KUALA LUMPUR: Amendments to the Human Rights Commission of Malaysia (Suhakam) Act will strengthen the watchdog's authority and give it more bite, says Datuk Seri Azalina Othman Said.
The Minister in the Prime Minister's Department (Law and Institutional Reform) said the amendments will be a good foundation for the Suhakam Act, giving "teeth" to the human rights body that's often been criticised as toothless in previous years.
"We agreed that Suhakam should have fangs but before that, it needs to grow teeth," she said, adding that now that the amendments have been passed, the "teeth will turn into fangs".
She also thanked MPs for their support to the proposed amendments, saying that hopefully, the new Suhakam Act will strengthen human rights protection in Malaysia.
"A country's greatness is how it dignifies the rights and freedom of its people," Azalina said during her winding-up speech on the second reading of the Suhakam (Amendment) Act 2023 in Parliament on Wednesday (Nov 29).
She also said the amendments will send a message to the world that Malaysians and its politicians are united on issues pertaining to human rights.
Amendments to the Suhakam Act were later passed with a voice vote after Azalina's winding-up speech.
Earlier, 19 MPs spoke on the matter, including Sim Tze Tzin (PH-Bayan Baru), who said the Suhakam Act had always been criticised by the Opposition before for being a "toothless tiger".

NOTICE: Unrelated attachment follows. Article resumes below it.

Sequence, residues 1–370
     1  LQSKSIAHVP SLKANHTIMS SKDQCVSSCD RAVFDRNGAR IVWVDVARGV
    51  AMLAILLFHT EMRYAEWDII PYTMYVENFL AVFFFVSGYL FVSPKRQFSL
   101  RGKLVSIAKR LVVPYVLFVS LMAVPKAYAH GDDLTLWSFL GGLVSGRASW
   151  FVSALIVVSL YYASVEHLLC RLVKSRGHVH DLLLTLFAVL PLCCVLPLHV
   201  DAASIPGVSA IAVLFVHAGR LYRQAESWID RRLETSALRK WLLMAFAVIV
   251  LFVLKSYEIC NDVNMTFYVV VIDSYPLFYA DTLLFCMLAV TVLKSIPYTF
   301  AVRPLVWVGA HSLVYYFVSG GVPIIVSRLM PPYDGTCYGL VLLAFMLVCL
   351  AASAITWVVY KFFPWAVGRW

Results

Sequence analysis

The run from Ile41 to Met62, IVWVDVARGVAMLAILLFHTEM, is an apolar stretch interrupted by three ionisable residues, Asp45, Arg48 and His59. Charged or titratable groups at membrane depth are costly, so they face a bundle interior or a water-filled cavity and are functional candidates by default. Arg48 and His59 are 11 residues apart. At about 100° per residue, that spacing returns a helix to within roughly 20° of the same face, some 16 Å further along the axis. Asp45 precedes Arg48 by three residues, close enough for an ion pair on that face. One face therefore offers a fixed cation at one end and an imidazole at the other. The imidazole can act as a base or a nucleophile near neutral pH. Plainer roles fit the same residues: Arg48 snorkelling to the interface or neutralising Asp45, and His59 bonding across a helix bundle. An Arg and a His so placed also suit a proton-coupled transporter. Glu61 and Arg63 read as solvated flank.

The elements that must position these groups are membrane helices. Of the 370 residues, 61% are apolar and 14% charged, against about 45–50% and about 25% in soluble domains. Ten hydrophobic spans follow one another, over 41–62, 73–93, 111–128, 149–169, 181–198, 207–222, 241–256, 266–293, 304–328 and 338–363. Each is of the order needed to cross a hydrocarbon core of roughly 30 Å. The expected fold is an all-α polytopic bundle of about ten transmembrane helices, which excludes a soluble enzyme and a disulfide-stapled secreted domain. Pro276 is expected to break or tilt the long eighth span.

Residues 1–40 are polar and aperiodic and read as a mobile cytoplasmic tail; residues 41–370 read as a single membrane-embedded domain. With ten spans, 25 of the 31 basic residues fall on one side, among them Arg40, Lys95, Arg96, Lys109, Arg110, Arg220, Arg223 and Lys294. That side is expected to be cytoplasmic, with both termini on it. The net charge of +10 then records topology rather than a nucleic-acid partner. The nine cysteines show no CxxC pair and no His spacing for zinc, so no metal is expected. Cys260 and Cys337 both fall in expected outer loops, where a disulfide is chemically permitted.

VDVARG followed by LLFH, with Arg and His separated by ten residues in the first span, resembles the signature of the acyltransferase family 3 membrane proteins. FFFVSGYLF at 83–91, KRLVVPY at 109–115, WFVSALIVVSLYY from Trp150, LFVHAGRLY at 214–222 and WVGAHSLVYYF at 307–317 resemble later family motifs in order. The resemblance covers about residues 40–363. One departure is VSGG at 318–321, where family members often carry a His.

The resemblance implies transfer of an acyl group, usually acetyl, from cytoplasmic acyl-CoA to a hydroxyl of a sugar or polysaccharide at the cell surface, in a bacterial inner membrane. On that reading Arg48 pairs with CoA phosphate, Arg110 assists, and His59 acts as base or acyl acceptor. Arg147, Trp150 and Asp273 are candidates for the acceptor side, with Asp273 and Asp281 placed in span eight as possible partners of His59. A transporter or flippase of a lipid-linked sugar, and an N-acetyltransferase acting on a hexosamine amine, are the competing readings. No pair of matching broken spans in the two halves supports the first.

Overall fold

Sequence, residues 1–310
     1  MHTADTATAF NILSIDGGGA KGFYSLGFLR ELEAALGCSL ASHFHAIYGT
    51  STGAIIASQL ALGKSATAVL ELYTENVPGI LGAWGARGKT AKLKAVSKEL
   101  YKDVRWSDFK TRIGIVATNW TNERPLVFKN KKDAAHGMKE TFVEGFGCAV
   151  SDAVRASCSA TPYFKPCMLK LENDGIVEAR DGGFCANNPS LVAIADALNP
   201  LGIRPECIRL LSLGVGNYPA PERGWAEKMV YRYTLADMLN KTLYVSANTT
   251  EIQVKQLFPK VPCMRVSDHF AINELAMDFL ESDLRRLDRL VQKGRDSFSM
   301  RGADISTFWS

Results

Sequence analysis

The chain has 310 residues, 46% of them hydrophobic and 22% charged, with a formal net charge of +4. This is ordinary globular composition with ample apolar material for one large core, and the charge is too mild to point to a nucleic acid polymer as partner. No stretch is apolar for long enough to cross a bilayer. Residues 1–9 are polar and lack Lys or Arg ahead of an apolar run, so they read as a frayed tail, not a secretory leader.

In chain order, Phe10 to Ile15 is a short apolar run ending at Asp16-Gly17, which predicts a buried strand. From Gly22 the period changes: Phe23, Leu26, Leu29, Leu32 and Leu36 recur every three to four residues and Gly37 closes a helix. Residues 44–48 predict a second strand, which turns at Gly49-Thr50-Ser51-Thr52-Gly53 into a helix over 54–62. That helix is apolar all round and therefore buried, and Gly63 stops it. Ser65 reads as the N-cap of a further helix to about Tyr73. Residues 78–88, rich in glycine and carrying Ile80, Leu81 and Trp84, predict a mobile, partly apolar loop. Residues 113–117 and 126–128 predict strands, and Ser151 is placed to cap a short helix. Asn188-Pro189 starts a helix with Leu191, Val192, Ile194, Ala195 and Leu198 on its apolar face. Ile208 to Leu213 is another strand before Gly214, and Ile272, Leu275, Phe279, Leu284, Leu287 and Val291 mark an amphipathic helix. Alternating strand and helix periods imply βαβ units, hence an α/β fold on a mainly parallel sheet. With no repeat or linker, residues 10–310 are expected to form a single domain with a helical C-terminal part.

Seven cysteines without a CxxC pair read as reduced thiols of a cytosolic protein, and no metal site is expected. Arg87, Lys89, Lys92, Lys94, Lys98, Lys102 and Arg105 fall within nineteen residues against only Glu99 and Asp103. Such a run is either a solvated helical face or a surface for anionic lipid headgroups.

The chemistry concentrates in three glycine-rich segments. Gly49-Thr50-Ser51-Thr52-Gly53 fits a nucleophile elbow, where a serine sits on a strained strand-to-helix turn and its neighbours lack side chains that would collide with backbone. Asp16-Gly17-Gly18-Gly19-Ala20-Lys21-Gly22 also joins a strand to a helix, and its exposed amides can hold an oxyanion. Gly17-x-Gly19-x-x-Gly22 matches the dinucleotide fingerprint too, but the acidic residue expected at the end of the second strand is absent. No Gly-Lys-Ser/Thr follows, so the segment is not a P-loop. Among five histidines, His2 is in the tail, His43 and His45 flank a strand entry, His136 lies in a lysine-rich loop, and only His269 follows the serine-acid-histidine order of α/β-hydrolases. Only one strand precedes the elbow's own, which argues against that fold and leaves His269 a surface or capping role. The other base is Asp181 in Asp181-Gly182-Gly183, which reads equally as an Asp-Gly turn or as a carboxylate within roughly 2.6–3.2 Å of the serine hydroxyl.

"I congratulate the unity government, especially the de facto law minister, who saw through the amendments from the beginning. The Act was amended to strengthen Suhakam and was an institutional reform pledge by the Madani government," he said.
Sim also praised the government for ensuring amendments to the Act were substantive.
Lee Chean Chung (PH-Petaling Jaya) said the amendments showed the government's will in strengthening protection for human rights, particularly for children.
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"It also strengthens the function of Suhakam as an independent body that protects and promotes basic human rights in this country," he said.
Among the amendments to the Suhakam Act is that the human rights body will now have the power to visit any detention centre or location to probe human rights abuse allegations.
Amendments to Section 4(2)(e) will also allow Suhakam to receive complaints directly from children or any person or authority related to children's complaints and to act on such complaints.
Additionally, there must be a minimum of seven and not more than 20 members in Suhakam.
One of the commissioners appointed has to be a person with disabilities while 30% of the remaining members must be made up of women.
A new Section 6A will be introduced to provide for the appointment of a Chief Children Commissioner and two Children Commissioners from among Suhakam members.
Under the new Section 10B, a commissioner may be suspended from office pending outcome of the probe.
The three-panel investigating tribunal shall recommend to the Prime Minister that the commissioner in question be removed if a breach of conduct was found to have been committed.